Obesity is more strongly related to morbidity and disability than to mortality. Obese individuals are thus expected to have more unhealthy life-years than normal-weight persons. The objective of the present study was to quantify the number of excess unhealthy life-years in obese individuals.
A representative cohort of 19 518 Finnish men and women aged 20 to 92 years was followed for 15 years. Participation rate was 83%. Obesity was defined as a body mass index of 30.0 or higher. The number of unhealthy life-years due to premature work disability, hospitalization for coronary heart disease, and need for long-term medication was calculated per category of body mass index.
During the follow-up of 15 years, obese men who never smoked aged 20 to 64 years had, on average, 0.63 more years of work disability, 0.36 more years of coronary heart disease, and 1.68 more years of longterm medication use, than normal-weight counterparts. Obese women had, respectively, 0.52, 0.46, and 1.49 more years from these conditions than normal weight women. The excess risks of morbidity and disability due to obesity were highest in the youngest age groups and exceeded those of mortality in all age groups. Obese men and women 65 years and older who never smoked had, respectively, 1.71 and 1.41 excess unhealthy life-years (not statistically significant) due to premature need for long-term medication compared with normal-weight subjects, but no excess unhealthy life-years due to coronary heart disease.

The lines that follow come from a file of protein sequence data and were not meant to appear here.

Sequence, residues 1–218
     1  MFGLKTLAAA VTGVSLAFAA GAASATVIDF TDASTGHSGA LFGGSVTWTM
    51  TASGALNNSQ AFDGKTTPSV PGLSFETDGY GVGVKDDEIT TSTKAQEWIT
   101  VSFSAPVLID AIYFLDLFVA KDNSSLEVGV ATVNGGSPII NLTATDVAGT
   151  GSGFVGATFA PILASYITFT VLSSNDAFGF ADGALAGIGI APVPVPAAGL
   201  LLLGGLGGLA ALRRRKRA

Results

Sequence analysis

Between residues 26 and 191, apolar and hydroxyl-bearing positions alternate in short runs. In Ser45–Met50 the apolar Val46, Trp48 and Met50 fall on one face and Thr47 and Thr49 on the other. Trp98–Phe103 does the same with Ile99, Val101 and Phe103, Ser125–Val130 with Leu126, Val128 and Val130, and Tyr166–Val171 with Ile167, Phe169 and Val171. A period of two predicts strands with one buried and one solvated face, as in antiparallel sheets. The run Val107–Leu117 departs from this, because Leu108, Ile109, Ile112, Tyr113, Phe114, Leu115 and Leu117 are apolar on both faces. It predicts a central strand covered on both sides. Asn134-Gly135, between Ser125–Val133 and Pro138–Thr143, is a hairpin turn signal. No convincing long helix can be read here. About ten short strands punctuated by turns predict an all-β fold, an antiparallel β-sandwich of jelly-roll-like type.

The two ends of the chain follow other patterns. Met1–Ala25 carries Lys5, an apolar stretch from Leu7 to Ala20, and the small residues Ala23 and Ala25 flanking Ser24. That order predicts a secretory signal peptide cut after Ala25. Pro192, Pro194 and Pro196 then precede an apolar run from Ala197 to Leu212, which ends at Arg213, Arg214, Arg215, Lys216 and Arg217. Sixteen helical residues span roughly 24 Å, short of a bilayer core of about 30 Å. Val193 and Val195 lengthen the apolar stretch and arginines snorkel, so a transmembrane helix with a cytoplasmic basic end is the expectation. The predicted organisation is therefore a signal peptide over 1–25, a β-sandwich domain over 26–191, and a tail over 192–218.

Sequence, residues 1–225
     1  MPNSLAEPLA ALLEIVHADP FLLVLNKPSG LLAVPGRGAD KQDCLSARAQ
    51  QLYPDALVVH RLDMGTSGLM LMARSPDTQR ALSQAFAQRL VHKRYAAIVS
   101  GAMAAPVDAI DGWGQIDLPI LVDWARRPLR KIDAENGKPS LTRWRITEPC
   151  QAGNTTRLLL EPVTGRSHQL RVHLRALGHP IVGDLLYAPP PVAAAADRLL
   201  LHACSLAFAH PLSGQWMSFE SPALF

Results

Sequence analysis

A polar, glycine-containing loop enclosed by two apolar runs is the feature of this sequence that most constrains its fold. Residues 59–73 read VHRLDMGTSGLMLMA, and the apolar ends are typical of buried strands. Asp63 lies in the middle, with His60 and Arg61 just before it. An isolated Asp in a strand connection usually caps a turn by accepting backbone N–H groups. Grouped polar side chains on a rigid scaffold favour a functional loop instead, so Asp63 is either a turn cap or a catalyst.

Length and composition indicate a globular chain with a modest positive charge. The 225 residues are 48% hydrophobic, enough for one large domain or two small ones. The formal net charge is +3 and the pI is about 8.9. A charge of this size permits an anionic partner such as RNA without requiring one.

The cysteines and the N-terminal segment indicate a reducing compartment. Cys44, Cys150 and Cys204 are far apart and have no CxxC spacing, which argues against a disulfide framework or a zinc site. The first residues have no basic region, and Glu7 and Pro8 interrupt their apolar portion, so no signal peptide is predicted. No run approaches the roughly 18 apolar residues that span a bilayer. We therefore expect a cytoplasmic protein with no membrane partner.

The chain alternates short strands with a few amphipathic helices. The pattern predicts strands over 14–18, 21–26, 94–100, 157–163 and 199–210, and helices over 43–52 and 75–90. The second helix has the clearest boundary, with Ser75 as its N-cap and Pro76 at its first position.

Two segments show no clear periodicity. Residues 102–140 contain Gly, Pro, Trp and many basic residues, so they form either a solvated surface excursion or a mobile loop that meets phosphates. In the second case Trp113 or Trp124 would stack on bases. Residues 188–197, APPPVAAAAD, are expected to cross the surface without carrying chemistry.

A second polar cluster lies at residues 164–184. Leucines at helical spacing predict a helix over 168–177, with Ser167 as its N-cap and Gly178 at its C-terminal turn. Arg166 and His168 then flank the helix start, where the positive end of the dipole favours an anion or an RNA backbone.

Obesity has a lifetime impact on disability and morbidity. A further increase in obesity will lead to an increase in unhealthy life-years and in direct and indirect health care costs.